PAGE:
No Monster! – My first attempt at a children’s book, based on the imaginary adventures of my 2 year old. Willow saw a pile of leaves once and started shouting “No Monster!” at it. Since then, she’s made it her battle cry whenever she’s mildly intimidated by something that she doesn’t understand. The children’s book will have her confronting each of these monsters and them deciding to join her and help protect her as she faces bigger monsters. A large part of this is me honing my own artistic talent until I’m happy with it. This could easily be the same project I’m working on in 2 years, but I’m hoping to get it finished this year. Here’s a sample idea for the cover and art style I am currently working with. I like the Willow design, although it needs more practice. The monster is replaceable.

Andrew Doran Omnibus (or a more exciting name, I’m still working on it) – The full collection of every Andrew Doran story up to and including Andrew Doran and the Scroll of Nightmares. Yes, they are already written, but there’s some work to do still. Putnam Finch is working on a really great cover and sent me this sketch as an idea of what he’s thinking of doing for it. This isn’t the actual work, but just his idea, and damn am I excited!

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Review: The Peaslee Papers by Peter Rawlik

The Peaslee Papers: A Lovecraftian Chronicle by [Peter Rawlik]

This is going to sound counter to literally everything I am, but bare with me: I don’t normally enjoy to completion anthologies that are hardcore mythos.

The reason behind that is that when I read something, I fall hard for it, even the crap stuff, and I demand more. If you give me Reanimator, then hook me up to an IV of the green stuff and keep her coming. We’re reading about Yog-Sothoth today? Then blow my mind up! Unfortunately, large anthologies that tend to be a deep dive into the mythos tend to bounce around the universe and rarely touch back on whatever subject first sparked my interest.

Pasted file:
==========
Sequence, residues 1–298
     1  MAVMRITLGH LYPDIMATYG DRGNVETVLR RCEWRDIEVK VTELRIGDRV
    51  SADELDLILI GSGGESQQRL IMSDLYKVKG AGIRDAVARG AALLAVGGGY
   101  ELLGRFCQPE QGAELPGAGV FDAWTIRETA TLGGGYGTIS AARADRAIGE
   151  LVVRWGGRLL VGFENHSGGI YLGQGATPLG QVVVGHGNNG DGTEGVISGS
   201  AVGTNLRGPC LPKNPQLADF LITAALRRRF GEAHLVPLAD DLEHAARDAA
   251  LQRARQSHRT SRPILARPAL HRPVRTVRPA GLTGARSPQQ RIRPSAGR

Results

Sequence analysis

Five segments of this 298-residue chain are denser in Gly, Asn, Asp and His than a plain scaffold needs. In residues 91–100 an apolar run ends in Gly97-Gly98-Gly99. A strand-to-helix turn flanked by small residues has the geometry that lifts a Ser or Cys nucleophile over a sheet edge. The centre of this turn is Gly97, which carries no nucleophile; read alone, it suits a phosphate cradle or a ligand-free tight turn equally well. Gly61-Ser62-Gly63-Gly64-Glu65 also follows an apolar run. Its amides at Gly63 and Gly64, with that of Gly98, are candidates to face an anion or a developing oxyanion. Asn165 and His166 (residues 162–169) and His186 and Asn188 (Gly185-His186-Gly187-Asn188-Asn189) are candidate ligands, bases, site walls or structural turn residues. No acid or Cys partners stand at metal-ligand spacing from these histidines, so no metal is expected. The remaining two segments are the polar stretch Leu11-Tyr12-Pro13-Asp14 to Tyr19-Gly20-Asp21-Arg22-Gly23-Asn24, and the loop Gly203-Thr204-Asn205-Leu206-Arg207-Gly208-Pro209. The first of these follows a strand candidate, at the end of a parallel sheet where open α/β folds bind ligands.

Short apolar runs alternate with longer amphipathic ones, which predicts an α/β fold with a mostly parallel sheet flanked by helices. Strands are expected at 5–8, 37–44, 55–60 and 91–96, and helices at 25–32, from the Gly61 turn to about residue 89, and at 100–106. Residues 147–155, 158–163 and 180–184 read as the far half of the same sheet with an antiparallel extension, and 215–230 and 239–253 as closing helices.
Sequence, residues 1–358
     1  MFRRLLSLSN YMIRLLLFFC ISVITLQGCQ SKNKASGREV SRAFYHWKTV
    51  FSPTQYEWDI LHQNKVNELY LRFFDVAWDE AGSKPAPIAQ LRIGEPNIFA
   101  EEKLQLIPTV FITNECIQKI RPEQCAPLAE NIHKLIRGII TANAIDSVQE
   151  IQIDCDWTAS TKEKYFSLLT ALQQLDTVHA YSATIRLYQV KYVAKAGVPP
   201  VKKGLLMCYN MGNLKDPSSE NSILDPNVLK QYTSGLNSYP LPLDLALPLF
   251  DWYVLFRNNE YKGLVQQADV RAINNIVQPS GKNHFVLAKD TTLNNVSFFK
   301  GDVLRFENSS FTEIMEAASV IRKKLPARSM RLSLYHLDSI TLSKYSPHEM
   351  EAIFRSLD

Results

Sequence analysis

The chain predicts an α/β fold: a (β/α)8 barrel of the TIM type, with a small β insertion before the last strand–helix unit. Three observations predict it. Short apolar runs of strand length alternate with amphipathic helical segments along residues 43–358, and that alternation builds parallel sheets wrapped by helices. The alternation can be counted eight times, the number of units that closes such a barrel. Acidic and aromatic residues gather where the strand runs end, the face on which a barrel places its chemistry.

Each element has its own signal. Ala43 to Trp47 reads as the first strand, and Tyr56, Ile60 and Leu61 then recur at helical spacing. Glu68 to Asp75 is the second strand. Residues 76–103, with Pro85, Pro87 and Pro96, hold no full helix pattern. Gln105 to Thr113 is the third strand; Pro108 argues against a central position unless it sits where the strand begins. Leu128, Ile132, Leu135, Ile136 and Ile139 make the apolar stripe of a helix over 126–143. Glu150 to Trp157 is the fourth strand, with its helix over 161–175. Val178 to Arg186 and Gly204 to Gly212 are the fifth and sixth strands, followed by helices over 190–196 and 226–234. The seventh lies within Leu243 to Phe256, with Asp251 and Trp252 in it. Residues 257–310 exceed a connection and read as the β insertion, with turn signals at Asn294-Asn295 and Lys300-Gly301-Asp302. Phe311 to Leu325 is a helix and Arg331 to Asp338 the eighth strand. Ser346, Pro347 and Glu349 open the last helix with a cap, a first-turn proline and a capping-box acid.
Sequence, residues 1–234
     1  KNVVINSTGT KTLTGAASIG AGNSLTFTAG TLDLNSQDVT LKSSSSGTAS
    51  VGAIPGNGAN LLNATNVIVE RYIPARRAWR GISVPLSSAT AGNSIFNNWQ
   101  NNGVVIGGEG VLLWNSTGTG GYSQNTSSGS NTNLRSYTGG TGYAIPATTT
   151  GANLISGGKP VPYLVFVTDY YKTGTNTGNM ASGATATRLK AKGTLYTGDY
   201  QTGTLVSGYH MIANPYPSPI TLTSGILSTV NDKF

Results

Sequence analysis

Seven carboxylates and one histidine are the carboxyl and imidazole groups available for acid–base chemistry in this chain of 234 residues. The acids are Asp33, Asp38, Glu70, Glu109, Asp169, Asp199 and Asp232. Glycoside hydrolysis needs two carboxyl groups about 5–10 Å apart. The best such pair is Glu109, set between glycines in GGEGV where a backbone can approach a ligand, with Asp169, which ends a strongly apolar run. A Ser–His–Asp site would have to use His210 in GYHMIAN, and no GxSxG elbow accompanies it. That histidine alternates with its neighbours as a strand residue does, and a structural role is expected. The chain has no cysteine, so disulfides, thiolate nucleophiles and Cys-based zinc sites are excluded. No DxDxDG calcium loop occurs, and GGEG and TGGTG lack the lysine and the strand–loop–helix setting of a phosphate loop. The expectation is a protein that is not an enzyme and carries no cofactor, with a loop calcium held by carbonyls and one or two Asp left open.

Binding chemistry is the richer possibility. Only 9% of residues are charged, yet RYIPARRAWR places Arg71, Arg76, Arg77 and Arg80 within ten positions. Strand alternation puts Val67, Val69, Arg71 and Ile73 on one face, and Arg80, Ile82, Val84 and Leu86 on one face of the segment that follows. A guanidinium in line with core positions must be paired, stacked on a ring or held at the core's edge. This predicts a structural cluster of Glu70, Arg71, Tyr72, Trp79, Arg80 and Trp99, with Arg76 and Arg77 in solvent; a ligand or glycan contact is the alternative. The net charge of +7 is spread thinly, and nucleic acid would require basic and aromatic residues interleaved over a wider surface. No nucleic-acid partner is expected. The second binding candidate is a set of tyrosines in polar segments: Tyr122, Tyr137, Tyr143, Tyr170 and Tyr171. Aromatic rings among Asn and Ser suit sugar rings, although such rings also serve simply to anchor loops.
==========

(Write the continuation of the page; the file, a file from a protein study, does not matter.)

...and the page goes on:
Peter Rawlik’s The Peaslee Papers is something else entirely. It’s similar in effect to what I’ve been trying to be a part of in the group anthologies I’ve joined. Almost like a TV show, in that each story in this anthology acts more as a chapter, telling an enclosed story that actually lends itself toward the larger and all-encompassing plot of the book.

The Peaslee Papers is a biography of the Peaslee family, starting with the famed Nathanial Wingate Peaslee and following his descendants throughout the history of the world. They encounter the Mythos in differing ways (it touches on almost everything) and in ways that I don’t ever see enough of (had some good King in Yellow stuff going on) and are always tied back to the main part of Peaslee’s story: Quantum Leaping with the Yith.

It goes beyond that, though, in that we get to see a hint at the Yith’s very alien, and in many ways, all too human, agenda. He adds to the Mythos at regular intervals without feeling like it was shoehorned in. It wasn’t, it’s been there the entire time, we just didn’t know about it until Rawlik told us.

I’ve been a huge fan of Rawlik’s Reanimators series of connected stories, with my favorite being Weird Company, but this gave me a new dimension. Instead of the more visceral look at at flesh-craft and the psychology behind reanimating the dead, we got a philosophical look at manipulating the universe.

This book is an easy 5 out of 5 for me. I’m about to start his Legacy of the Reanimator anthology, with co-authors, and am looking forward to just as entertaining of a deep dive into the history of Herbert West as we received with Professor Peaslee.